Monthly Archives: August 2018

Moscow in 1982 – Some Views

I don’t usually post just photos in this blog, but I mentioned earlier that we’d add some from Moscow for this one time. Grand Kremlin Palace in the Kremlin Complex Assumption Cathedral of the Kremlin, the oldest church in the … Continue reading

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I Would Like to Buy Your Blue Jeans

I decided to do a little shopping one day and took off, the cameras hanging from both shoulders. On my way to GUM’s, I encountered a young Russian man who could not speak a word of English, but had a very resourceful way of communicating. He had a small spiral note pad with sentences and phrases of English written on each page. He would flip through his pad then show you what he wanted to convey. After he stopped me on the busy street, he ran through his pad until he got to the page that said, “I would like to buy your blue jeans.” Continue reading

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No Child Abuse in Russia

After about an hour with our pleasant “judge,” who was obviously well-connected with the “Party,” we concluded her main function was to present an appearance of representing a judicial system. After all, according to her, Russia had no crime or social ills for her to deal with anyway. The local Communist Party leaders could take care of any other needs the citizens had. Our study of the Soviet judicial system had been brief and unrevealing. We now had time to explore what we could of Moscow. Continue reading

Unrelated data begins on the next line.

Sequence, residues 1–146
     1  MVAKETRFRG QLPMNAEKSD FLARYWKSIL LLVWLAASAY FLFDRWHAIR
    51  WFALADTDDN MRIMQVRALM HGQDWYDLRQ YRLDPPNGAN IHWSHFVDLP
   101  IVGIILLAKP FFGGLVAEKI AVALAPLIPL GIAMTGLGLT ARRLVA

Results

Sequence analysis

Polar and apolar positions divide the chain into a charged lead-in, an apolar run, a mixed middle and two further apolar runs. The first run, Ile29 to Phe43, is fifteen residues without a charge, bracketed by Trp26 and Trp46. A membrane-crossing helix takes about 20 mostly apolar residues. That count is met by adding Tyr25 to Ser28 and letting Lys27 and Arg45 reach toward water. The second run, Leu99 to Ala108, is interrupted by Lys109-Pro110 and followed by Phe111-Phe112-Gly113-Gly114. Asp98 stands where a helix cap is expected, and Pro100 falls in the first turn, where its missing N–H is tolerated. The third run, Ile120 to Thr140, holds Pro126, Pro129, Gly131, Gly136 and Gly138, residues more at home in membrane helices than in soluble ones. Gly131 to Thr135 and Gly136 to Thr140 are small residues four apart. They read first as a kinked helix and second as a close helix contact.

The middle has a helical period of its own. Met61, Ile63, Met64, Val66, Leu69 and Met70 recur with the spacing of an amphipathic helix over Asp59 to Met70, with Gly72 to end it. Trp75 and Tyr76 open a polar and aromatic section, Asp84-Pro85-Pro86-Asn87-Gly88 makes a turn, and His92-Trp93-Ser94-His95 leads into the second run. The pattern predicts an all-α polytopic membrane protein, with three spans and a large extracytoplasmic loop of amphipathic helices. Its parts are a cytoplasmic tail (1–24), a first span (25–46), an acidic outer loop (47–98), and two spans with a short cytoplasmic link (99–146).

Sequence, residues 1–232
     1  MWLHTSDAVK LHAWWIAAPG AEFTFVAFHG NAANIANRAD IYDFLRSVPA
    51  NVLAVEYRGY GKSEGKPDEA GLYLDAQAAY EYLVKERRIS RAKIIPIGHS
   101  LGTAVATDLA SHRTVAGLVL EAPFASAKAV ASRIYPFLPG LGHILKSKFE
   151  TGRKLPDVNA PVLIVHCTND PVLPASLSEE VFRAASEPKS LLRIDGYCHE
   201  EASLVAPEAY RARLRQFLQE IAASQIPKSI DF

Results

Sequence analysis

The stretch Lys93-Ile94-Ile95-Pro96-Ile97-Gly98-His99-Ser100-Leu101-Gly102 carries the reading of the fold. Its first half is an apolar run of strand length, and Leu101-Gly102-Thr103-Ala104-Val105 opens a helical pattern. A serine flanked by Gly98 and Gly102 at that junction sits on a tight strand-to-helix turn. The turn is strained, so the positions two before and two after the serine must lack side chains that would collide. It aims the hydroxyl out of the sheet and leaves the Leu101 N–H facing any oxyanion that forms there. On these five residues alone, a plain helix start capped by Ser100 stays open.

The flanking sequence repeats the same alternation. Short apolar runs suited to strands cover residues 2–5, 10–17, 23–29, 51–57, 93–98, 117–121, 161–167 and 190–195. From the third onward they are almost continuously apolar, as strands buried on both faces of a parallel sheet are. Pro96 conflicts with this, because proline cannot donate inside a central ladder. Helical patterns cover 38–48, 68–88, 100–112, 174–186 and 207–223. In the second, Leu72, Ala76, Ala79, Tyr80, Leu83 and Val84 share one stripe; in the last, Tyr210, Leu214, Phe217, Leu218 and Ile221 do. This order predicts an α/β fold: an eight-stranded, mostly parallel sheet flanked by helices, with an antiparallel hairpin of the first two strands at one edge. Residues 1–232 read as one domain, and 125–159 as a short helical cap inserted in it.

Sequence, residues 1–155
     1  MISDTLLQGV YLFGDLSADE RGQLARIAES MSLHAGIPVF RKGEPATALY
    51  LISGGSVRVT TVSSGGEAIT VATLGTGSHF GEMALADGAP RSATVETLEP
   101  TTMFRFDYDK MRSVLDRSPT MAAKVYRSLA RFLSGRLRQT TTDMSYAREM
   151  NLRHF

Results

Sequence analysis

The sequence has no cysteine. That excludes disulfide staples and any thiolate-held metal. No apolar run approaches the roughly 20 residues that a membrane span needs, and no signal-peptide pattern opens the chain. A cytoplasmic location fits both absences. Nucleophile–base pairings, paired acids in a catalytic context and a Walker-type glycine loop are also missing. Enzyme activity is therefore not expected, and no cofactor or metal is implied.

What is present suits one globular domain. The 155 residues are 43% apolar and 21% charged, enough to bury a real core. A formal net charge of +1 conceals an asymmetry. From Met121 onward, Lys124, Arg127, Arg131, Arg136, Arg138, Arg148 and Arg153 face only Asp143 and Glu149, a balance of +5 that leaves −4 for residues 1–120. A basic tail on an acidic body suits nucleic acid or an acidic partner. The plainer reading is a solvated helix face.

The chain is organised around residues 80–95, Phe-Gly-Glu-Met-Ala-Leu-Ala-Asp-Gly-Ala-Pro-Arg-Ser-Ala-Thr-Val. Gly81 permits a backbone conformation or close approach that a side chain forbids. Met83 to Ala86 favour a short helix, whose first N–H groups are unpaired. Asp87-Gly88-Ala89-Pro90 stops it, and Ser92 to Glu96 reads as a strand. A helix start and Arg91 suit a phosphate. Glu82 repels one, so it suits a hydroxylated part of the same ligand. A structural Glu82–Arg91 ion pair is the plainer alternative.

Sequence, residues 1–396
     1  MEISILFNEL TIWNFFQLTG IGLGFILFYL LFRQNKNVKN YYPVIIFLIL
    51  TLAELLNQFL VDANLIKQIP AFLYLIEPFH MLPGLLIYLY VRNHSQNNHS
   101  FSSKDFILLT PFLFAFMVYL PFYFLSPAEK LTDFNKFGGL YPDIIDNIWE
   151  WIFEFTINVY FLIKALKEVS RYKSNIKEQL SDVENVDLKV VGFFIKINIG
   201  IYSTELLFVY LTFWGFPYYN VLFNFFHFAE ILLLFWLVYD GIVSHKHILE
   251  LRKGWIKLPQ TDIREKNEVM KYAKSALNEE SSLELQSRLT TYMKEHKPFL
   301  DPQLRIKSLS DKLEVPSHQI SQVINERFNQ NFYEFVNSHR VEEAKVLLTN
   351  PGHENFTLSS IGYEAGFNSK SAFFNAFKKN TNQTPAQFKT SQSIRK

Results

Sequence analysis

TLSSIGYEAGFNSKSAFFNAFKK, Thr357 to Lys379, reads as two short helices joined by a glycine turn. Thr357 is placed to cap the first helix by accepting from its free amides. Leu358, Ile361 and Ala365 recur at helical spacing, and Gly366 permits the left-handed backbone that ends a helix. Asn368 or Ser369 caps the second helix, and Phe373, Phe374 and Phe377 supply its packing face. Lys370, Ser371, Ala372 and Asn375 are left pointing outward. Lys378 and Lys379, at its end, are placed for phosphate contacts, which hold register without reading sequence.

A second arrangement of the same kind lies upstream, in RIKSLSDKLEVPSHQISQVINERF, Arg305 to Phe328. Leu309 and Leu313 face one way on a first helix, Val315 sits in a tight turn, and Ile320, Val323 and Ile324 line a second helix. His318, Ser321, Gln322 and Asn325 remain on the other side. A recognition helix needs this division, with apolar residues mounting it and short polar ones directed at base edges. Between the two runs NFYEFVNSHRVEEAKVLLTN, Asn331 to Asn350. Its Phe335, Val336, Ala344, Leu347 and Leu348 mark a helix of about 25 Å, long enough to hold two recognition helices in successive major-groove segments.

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We Arrived at the Hotel Russia

As we rode in on the bus, I mused that the vast Soviet Union extended from Eastern Europe to the orient spanning thirteen time zones, a distance of about half the circumference of the earth, but had only roughly the population of the United States. I further calculated that this resilient nation had about a third of its citizens either murdered by its own leaders or killed by Germans during the short period of twenty years. Until I met some of its smart, hearty, proud people, I wondered how a country could survive such devastation Continue reading

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No Mirth in Moscow

On our bus ride to the hotel we first met Sonia, our guide, caretaker, and I assumed representative of the KGB. She would attempt to assure that we only saw what we were supposed to see. Sonia would also indoctrinate us on life in Russia—according to the script she had been given. She spoke excellent English. A lean, but sturdy redhead, in her forties, Sonia spoke with the authority and certitude of a former Russian Army officer. Continue reading

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